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While so much attention in pro basketball has been concentrated on the Spencer Haywood mess, a suggested modification of the game itself—which has just come to the serious interest of some NBA officials—deserves a bright spotlight. The idea is to lengthen the game from 48 minutes of four 12-minute quarters to 60 minutes of four 15-minute quarters. The proposal should be adopted by both leagues, since it is one of those rare propositions that is simple to effect and beneficial to all.

The move would give the fans 12 more minutes of action. An average game now runs well under two hours.

It would help management by producing greater concession and radio-TV revenues.

It would help the coaches, since they would have the opportunity to give all their players a chance to play regularly.

It would help the players for this same reason. Players would have a better chance to develop, a vital consideration now when there are more top players than ever before, and this year's college draft is touted as the best ever in terms of quantity.

But most important, a 60-minute game would help the sport of basketball. The great big men who dominate the game could not then keep up their present pace for 60 minutes. Depth and teamwork would count for more, and, without the one big man going the whole way, more variety and style would be introduced into every game.


Some years ago Charles O. Finley, owner of the Oakland Athletics, proposed that the World Series be played at night. Now he has won one of his rare victories. Commissioner Bowie Kuhn has ruled that the fourth game of the 1971 Series will be televised in prime evening time unless the Chicago Cubs reach the Series—there are no lights in Wrigley Field.

NBC-TV, which currently televises baseball's Game of the Week, clearly has noted the success that ABC-TV has enjoyed with its Monday night pro football games. They boosted ABC's ratings some 50% over what they had been in 1969. And NBC also was quite happy with its own ratings for the nighttime 1970 All-Star game, which is supposed to have had 56 million viewers.

The swing to televising one Series game at night would indicate that if the experiment is successful in the ratings war against whatever the game's opposing attraction might be on the tube, eventually all Series games—except those played on Saturdays and Sundays—would be at night. Baseball is played better in daylight than under lights, of course, but the trend in sport today is to bend over backward for TV ratings.

It took years for Mr. Finley's night game idea to achieve fruition. Now we wonder about his newest. Finley's Oakland Athletics start their 1971 season at home with a questionable opening day program—a doubleheader. That's progress? Come on, you Cubs.


A study of skiing and the psychological factors that make it attractive to so many has been undertaken by Dr. Ernest Dichter of the Institute for Motivational Research, which tells manufacturers how to put sex appeal into candy bars and automobiles. Among his findings:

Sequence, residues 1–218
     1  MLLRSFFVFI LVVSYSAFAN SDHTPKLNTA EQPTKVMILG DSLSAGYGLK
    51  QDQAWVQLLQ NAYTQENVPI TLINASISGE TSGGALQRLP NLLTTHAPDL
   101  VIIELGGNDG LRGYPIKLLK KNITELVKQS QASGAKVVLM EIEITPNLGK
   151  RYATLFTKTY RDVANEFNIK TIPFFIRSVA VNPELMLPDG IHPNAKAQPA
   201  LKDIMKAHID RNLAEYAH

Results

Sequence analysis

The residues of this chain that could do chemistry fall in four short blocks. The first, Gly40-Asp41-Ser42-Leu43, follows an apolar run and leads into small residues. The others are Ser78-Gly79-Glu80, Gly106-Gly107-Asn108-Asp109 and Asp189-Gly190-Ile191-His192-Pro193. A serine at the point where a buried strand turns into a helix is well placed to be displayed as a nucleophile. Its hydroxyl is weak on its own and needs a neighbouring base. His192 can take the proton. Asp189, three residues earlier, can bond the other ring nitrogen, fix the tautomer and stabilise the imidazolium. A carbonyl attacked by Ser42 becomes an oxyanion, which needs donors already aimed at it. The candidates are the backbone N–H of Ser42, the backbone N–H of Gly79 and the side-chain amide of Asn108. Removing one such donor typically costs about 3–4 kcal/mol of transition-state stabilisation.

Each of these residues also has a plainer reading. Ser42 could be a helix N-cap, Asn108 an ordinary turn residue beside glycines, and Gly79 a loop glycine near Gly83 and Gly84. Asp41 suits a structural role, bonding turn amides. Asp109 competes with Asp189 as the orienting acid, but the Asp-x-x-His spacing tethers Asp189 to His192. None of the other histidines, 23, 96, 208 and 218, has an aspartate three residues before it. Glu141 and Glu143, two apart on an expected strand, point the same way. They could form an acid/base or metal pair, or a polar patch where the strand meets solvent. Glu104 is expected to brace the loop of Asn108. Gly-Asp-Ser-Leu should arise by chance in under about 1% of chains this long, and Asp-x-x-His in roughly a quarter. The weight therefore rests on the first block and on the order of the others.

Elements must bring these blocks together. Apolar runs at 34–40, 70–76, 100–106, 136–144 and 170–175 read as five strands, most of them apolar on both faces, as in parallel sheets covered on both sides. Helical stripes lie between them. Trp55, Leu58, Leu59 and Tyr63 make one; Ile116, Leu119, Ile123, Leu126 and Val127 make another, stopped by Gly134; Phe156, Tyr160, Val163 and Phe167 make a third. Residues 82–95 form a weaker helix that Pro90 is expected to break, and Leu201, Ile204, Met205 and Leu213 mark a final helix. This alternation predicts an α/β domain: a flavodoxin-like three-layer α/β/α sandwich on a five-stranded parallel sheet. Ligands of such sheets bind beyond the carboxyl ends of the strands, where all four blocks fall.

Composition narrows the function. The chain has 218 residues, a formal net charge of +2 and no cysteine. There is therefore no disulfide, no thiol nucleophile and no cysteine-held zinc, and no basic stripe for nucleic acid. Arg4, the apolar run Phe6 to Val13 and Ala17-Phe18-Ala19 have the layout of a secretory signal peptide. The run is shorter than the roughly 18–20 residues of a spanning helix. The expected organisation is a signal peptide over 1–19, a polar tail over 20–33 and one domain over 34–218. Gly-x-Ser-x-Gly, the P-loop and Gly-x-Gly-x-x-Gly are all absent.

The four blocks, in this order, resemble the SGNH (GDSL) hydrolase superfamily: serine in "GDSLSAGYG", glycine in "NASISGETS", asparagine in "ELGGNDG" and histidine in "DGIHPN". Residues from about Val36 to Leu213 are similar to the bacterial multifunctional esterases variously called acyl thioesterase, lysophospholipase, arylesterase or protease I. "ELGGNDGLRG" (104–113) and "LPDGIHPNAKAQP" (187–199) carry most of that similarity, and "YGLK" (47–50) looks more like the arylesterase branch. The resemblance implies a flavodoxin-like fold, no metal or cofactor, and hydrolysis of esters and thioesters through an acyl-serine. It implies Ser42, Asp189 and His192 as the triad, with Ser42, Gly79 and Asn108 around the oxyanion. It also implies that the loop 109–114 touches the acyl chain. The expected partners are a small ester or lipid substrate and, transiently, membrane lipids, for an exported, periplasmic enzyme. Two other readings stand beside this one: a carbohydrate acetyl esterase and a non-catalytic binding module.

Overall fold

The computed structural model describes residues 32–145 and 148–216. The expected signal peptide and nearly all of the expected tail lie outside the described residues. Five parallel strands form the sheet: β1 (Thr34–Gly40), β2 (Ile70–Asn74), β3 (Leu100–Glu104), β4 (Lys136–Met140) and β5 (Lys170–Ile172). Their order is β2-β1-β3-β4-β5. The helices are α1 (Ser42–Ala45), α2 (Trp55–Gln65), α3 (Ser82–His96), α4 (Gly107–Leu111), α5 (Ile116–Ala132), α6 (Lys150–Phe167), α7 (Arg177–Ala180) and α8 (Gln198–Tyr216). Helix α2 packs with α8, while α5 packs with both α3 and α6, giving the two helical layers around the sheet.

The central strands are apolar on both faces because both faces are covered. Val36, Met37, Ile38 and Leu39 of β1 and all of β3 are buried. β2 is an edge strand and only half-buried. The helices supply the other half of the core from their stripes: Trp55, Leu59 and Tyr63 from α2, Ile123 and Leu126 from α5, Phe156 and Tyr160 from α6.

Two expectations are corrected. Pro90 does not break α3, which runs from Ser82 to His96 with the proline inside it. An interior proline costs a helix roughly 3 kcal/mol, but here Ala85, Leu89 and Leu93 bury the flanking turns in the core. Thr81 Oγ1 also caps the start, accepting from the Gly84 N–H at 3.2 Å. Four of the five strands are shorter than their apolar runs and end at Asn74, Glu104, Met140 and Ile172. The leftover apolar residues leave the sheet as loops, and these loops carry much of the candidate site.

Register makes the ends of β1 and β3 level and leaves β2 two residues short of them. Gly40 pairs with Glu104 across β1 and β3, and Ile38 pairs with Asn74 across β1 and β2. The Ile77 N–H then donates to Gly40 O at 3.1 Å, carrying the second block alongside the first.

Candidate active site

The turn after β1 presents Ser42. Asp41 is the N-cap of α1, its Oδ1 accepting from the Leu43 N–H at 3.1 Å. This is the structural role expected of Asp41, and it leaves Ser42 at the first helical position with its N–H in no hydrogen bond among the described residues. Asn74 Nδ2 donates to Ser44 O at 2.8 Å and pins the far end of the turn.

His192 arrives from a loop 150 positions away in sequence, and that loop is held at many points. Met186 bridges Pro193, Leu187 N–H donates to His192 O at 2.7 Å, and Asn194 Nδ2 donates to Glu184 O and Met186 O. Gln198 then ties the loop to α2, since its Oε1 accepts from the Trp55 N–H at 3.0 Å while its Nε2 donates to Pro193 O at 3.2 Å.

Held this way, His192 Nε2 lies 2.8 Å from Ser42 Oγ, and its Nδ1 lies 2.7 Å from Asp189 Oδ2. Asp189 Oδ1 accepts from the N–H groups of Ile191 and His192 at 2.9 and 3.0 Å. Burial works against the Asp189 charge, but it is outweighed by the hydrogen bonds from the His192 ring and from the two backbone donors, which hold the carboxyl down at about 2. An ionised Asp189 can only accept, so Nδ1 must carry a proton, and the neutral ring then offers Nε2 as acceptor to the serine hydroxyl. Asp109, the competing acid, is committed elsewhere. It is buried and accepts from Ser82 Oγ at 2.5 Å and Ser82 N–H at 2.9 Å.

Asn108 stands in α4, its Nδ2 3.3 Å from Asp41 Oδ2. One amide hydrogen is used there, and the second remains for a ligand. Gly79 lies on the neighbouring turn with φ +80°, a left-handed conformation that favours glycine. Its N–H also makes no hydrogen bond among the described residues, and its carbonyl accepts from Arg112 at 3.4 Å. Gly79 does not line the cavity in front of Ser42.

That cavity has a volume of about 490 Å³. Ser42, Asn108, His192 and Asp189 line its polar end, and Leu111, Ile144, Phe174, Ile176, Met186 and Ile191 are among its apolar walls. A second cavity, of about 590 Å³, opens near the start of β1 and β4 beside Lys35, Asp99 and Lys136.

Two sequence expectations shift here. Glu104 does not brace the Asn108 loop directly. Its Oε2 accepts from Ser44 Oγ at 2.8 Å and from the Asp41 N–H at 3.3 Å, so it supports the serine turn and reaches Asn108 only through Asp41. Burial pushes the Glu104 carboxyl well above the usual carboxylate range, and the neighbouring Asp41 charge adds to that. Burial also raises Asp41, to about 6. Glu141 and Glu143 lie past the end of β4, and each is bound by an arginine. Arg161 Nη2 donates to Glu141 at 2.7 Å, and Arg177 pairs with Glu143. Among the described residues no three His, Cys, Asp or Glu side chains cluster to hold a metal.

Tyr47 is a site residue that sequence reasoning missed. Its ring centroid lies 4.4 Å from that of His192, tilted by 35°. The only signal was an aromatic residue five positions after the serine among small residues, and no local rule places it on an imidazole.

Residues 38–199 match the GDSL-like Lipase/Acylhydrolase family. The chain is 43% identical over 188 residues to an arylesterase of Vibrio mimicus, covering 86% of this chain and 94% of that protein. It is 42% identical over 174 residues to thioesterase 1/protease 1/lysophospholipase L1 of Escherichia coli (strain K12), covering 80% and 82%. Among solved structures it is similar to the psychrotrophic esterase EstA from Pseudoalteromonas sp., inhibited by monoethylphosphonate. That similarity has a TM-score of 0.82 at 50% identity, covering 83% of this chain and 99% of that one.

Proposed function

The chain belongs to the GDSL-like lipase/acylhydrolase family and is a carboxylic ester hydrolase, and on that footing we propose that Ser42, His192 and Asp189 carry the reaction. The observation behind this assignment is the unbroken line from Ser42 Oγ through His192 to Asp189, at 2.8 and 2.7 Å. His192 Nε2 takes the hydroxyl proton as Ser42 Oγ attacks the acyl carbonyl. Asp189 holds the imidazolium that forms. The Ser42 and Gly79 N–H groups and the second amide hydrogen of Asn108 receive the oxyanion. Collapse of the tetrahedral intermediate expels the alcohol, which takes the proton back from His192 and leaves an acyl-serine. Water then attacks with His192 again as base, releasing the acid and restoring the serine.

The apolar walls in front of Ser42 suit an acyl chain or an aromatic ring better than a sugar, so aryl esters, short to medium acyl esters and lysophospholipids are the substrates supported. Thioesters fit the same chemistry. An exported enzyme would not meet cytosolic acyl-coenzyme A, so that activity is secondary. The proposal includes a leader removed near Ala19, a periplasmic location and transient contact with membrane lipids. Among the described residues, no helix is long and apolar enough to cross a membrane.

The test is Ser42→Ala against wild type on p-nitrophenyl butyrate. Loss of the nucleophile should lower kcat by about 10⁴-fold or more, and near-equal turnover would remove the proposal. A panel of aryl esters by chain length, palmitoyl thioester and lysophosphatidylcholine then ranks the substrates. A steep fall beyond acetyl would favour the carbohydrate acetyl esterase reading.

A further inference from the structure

"Women, as well as men, often have a feeling of potency, virility."

"In a sense, skiing is like a new religion. The après-ski sense of companionship and sociability is no accident and is caused by more than romantic fireplaces at ski lodges; the shared experience of people who date, the freedom of complete, satisfying accomplishment away from an alienating and mechanized modern world."

"Americans take the sport too seriously. In Europe it's just recreation. It's true today, even though skiing in Austria, where I was born, is a form of chauvinism. Austrians know that one of their major exports is ski instructors."

Dichter, at 63, has been invited to take a skiing course in Europe. And so he may take up this chauvinistic experience.


What promises to be the greatest transatlantic airlift of boxing fans in history is revving up its engines for the Muhammad Ali-Joe Frazier fight at Madison Square Garden March 8. Charter airlines are selling packages of fight tickets, passage and lodging, and having no trouble disposing of them. Says Norman Manches, manager of London's Dolphin Maritime and Aviation Services: "If I could get the fight tickets I probably could book 500 passengers." He has, in fact, 250 tickets ($50 seats for which he paid $65 each)—just enough for his chartered Super DC-8. Taberrer Travel Agency in Birmingham has already all but filled one Boeing 707.

Cost: £110, 15 shillings ($265.80) for two nights and three days in New York, to £125($300) for four nights, five days.


Business experts in Seattle are puzzled by the economic paradox suggested by the continuing success of the Seattle Super-Sonics in a city where the unemployment rate hovers between 10% and 12%, about twice the national average. The Sonics' 20-game home attendance total, 185,422, is almost 50,000 over last year's.

One reason could be that the Sonics are enjoying their best winning record so far. But it's easier to accept Yogi Berra's explanation of the ups and downs of attendance figures: "If the people don't want to come out to the park, nobody's gonna stop them."


If the James G. Blaine Society had its way, travel brochures describing the state of Oregon would read:

"Oregon—small, crowded, polluted. Freeways lousy. Economy failing. Crime rate and cost of living soaring. Natives hostile. State flower: poison ivy. State song: Raindrops Keep Fallin' on My Head."